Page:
"You could live in Denver and commute to Salt Lake in three hours," said Skancke who spoke at a luncheon hosted by the Denver Regional Council of Governments (DRCOG) on Friday afternoon.
DRCOG is a founding member of the Western High Speed Rail Alliance, which would connect Denver to five other cities (Reno, Las Vegas, Los Angeles, Phoenix and Salt Lake City) using a high speed train that travels up to 200 miles per hour.
"Denver could really redefine itself from an economic diversification point of view," said Skancke, whose organization concluded that high speed rails work best when connecting communities within 500 miles of each other.
The Western High Speed Rail Alliance, created in 2009, is getting more attention from the Federal Rail Administration. Under President Barack Obama's plan, Skancke says the administration will have allocated $13 billion to support the planning and building of high speed rail systems across the country. Currently, only one high speed rail exists in the U.S., connecting Washington D.C. to Boston, Massachusetts.
"The rest of the world is so far ahead of us," Skancke said while mentioning that China will spend 180 billion dollars on high speed rail in the next 18 months. "We can't catch up. We have to be the leader."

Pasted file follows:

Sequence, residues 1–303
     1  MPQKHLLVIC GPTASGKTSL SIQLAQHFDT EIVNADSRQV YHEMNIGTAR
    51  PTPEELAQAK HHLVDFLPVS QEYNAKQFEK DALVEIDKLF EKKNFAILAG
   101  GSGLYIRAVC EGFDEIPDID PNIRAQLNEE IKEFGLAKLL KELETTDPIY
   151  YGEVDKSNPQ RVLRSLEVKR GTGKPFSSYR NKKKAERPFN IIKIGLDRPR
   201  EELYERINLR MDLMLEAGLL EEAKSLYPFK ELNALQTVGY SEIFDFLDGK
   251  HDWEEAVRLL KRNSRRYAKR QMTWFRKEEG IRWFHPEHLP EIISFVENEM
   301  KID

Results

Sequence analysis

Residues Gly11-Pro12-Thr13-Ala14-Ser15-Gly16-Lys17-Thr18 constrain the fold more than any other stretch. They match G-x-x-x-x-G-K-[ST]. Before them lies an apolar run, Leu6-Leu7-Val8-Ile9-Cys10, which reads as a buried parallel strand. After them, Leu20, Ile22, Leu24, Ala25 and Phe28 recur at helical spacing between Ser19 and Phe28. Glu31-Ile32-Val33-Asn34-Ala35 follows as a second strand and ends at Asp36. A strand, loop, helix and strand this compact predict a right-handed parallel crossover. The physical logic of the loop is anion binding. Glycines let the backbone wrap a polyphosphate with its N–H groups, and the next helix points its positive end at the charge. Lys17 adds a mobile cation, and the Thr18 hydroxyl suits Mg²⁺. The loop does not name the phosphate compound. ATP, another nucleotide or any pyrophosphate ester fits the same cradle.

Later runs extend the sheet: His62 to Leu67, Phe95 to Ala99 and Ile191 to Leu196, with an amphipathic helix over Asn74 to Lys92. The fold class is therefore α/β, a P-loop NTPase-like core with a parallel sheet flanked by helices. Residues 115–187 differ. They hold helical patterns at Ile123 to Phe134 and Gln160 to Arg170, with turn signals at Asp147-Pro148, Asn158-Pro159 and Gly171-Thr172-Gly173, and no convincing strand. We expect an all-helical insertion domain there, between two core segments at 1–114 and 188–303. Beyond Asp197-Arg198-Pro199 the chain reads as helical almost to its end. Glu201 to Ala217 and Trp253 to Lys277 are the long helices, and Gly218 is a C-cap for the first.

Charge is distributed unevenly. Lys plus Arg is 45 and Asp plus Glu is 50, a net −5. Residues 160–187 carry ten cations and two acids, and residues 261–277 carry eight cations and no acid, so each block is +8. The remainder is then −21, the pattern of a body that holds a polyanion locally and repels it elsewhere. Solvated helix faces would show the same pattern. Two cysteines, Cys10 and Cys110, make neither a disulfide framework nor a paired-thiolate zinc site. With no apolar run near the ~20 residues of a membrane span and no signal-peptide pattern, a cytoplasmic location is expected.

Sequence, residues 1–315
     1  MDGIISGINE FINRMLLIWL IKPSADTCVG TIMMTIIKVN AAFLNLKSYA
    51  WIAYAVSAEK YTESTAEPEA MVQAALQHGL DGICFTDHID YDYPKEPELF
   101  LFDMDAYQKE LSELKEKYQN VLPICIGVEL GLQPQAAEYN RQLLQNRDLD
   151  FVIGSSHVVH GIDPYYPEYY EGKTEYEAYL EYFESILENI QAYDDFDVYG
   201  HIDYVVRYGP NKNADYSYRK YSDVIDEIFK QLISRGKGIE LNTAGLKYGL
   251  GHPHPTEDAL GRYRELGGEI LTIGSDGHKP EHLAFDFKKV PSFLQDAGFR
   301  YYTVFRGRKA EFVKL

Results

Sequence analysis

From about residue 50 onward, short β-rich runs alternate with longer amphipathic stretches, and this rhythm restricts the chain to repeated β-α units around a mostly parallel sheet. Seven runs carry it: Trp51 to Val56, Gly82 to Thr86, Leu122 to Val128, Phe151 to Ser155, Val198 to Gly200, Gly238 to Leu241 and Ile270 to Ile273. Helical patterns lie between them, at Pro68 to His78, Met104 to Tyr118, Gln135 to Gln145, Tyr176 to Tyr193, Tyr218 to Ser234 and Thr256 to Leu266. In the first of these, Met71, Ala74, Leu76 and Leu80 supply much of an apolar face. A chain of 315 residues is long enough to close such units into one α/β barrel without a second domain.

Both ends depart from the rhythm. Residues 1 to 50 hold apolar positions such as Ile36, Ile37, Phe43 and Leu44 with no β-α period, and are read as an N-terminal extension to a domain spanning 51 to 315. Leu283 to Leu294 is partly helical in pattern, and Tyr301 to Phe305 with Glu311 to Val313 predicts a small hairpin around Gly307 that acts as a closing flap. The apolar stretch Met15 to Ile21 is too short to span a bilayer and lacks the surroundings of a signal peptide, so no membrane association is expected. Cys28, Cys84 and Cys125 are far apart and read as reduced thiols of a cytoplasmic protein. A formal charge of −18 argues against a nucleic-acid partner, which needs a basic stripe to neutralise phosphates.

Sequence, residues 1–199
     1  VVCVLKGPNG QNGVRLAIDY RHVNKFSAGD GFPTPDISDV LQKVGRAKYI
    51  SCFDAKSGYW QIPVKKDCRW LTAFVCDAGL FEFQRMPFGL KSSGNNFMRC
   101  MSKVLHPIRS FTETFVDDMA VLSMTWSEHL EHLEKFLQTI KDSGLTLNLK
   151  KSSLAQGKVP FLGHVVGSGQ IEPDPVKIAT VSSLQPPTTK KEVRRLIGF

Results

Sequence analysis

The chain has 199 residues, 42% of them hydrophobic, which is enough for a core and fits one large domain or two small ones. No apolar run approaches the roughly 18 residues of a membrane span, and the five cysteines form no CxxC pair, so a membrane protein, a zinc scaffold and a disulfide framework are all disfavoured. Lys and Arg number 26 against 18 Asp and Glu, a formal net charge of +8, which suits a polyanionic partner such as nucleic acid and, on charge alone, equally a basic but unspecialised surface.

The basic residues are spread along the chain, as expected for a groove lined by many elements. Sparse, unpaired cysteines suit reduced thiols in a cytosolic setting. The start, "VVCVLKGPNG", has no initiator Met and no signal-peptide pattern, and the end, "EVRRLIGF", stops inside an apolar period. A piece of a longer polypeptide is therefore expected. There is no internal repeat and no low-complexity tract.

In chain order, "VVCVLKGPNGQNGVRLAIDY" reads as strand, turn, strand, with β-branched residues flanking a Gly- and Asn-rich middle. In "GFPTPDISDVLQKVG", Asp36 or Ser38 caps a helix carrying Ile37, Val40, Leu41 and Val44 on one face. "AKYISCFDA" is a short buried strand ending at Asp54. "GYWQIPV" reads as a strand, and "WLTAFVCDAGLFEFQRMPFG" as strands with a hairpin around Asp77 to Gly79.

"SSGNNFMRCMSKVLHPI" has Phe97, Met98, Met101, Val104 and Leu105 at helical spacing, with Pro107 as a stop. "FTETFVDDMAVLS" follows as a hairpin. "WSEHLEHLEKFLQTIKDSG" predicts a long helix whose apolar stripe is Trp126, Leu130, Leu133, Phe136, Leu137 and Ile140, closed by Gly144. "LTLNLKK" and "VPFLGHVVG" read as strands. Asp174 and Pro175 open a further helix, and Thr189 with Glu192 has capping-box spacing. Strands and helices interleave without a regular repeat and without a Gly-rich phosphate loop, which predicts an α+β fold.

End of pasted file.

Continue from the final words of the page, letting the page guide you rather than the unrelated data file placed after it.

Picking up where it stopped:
A plan to build a high speed rail system through Denver, though, would take at least 20 years.
"People think 20 years is a long ways away. Twenty years is tomorrow. When you look at the scheme of things and how fast things move in our world today," he said.
Much of the funding for the intermountain train connections, which would cost "billions of dollars" according to Skancke, will come from the federal government. Private companies, though, will also likely contribute. Skancke says a national high speed rail system will cost "trillions" of dollars.
"I don't think you'll see people taking high speed rail from L.A. to New York City. It's not economically feasible. It doesn't make sense. Long haul airlines will still be in business. It's not even competition for the airlines," he said, also mentioning that high speed rail tickets will be comparable in price to airline tickets and, in some cases, cheaper.
Officials with the Western High Speed Rail Alliance say any plan they develop will compliment high speed rail plans currently being worked on by the Colorado Department of Transportation and the Rocky Mountain Rail Authority.
copyright (KUSA-TV © 2010 Multimedia Holdings Corporation)